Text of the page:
A long time ago, in 2010, when I was a member of a big, online photography forum, I joined a group who were running a 365 Project. The idea was that we had to take a photo every day for a year, and each one had to be inspired by a weekly theme.
It was a challenging project, but I completed it – more or less. I did fudge the rules a little by allowing myself to catch up another day if I missed a day’s photo. But I did take my 365 photos and they did (however tenuously) meet the weekly themes.
I would highly recommend this exercise as an excellent way to improve your photography skills. It doesn’t matter if you don’t have amazingly interesting subjects to photograph each day. I think of it as the equivalent of a musician playing scales. The aim is not to produce great art (lovely as that would be) but to practise your skills.
One wonderful side effect of the 365 Project was that I ended up with many photographs of my young children. I’ve chosen not to share personal images showing my children’s faces here, but I’m sure you can appreciate how valuable it is to have photographs of the ordinary, everyday lives of your family.
Once the year was over, I couldn’t face starting another 365 Project, but I didn’t want to give up. I decided on what I called a “52 Photos Project” – still with weekly themes, but this time only one photo per week was required. The following year, I did the same but called it a “Weekly Challenge”.
Since then I’ve had some sort of photography project most years. I’ve found that if I don’t have a project on the go, then I simply stop taking photographs for weeks at a time.
As well encouraging me to exercise my basic photography skills, I’ve found that the daily / weekly projects have been a good way to experiment with techniques that I might otherwise have never tried. It doesn’t matter if the results aren’t great. These photos are not intended to be sold to clients or exhibited as art. They are just a fun way to learn and be a bit creative.
Not everyone finds photo themes useful, but I feel they make it easier for me to come up with an idea, and, in theory anyway, they help me to be more observant as I go about my daily life.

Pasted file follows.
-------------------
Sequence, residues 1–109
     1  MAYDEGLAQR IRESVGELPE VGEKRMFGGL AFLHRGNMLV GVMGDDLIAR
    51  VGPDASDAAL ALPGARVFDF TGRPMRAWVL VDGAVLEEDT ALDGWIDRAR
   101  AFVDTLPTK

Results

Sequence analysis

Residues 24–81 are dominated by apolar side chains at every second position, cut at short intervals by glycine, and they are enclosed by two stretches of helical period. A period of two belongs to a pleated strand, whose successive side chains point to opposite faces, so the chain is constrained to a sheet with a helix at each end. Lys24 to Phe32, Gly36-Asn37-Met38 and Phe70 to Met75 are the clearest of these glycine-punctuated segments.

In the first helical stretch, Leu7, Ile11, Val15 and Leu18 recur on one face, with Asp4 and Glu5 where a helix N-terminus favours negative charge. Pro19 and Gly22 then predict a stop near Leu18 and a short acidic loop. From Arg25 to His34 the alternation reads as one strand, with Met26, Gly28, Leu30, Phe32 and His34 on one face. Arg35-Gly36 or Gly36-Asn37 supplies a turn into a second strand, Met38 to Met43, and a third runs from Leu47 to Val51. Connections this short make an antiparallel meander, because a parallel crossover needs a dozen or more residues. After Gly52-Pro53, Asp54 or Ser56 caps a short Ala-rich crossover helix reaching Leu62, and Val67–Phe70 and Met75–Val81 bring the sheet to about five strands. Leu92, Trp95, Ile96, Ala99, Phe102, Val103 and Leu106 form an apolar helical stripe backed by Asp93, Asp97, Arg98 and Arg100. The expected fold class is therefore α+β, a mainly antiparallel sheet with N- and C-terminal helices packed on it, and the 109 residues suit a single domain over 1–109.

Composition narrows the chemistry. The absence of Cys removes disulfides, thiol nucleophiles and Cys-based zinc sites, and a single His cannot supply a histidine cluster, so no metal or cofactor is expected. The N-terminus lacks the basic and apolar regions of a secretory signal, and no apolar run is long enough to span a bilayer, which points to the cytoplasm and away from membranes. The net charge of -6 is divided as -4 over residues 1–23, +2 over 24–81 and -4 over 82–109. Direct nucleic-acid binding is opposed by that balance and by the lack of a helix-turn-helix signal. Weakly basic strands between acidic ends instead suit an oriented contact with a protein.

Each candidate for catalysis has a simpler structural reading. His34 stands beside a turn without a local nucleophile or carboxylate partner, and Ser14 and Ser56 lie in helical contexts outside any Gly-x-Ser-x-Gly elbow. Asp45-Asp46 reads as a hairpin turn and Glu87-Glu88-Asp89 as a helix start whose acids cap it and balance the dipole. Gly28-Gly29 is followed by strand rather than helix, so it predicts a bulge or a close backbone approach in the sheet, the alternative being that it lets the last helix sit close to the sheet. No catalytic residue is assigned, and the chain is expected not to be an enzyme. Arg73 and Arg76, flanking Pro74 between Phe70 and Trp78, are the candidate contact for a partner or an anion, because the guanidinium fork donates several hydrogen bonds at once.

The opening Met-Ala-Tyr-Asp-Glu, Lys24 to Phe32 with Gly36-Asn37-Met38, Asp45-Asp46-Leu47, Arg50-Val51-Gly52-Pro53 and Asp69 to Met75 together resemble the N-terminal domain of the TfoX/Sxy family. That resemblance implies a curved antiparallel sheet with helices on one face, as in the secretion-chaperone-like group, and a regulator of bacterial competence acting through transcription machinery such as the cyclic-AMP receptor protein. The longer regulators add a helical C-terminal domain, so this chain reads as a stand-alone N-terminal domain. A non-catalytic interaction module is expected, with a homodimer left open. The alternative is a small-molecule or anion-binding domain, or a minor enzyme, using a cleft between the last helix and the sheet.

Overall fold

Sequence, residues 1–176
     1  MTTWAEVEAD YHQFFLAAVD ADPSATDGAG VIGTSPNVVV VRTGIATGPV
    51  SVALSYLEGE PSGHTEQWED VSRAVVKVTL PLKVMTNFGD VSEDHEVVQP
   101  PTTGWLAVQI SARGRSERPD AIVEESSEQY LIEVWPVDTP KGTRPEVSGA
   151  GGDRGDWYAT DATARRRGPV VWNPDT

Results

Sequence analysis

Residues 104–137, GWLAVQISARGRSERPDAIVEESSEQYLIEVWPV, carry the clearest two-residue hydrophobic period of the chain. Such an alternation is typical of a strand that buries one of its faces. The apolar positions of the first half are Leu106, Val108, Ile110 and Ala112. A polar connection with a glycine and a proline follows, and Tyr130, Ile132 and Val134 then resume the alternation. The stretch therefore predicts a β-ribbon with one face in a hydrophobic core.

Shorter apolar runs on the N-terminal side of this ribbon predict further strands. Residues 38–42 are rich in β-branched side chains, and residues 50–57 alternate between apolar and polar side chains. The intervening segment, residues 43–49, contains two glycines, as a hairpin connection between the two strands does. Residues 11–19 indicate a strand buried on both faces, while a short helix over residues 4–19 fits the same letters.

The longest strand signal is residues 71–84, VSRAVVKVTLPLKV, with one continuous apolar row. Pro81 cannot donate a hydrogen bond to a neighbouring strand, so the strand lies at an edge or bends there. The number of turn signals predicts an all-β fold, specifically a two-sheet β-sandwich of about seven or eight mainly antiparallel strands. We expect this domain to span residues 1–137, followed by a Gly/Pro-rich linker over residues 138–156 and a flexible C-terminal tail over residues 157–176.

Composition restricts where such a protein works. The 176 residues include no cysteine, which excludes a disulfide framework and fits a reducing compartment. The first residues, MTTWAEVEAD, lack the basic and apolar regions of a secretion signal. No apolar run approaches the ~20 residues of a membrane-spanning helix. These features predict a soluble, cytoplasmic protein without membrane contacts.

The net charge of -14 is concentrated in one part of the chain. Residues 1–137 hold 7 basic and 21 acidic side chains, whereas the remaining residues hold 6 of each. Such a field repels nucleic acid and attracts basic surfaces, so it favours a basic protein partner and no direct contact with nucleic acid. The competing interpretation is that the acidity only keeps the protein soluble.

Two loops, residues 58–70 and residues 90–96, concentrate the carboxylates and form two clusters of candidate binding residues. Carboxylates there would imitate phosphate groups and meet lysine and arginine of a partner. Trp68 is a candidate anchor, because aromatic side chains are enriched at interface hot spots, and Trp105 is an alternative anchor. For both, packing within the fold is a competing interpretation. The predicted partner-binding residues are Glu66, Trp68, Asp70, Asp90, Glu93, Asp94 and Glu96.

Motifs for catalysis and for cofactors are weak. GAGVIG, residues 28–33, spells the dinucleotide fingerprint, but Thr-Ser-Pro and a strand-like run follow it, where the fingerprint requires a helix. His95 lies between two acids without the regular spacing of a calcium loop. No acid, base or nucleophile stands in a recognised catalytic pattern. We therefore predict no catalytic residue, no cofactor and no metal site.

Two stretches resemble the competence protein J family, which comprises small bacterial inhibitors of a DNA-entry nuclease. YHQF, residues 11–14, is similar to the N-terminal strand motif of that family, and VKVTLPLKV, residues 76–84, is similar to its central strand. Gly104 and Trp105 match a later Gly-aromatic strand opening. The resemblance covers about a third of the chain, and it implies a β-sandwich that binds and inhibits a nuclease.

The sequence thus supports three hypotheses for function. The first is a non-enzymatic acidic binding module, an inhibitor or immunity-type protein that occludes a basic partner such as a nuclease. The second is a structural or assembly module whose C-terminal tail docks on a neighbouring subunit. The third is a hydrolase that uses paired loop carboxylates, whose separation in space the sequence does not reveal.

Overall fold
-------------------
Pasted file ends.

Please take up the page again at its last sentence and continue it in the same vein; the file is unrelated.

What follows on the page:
I’ve had a couple of “Gratitude Project” years where, rather than a weekly theme, I’ve concentrated on taking photos of things in my life that I’m thankful for. Some of these are clichés, but they are things for which I am genuinely grateful.
This may all sound annoyingly positive. In fact, each project I’ve tried has been a challenge and, if anything, it’s getting more difficult. As my skills (hopefully) improve, even though I tell myself that “snapshots are OK” I find it harder to come up with things to photograph.
For the original 365 Project, if the theme was, for example, “Blue” then I might just see a blue flower, take a photo, and cross it off the list for the day. As time has gone on, I’d hesitate and dismiss the potential image because the light was flat or the composition was boring.
This year, I started out with the aim of working my way through a list of 52 themes, one per week. As the year has gone on, I’ve let the rules slide more and more. I’ve reached the point where I’m aiming just to have taken photos of my 52 themes, in any order, at any point during the year 2018. And I find myself at the start of December with still 7 photographs to take to complete the project.
I feel it’s still been worth doing though, and it’s the mundane photos that may actually have the most meaning for me in years to come. Without this project I wouldn’t have bothered to photograph my own hands, or the local shops, but these may turn out to mean more to me in the future than impersonal photographs of things such as lovely flowers or birds.
I am hopeful that I will complete this year’s project and I have a new plan for 2019, which I intend to write about in January.
If you’d like to try a project of your own, then you can find some suggested themes in my photo scavenger hunt blog post.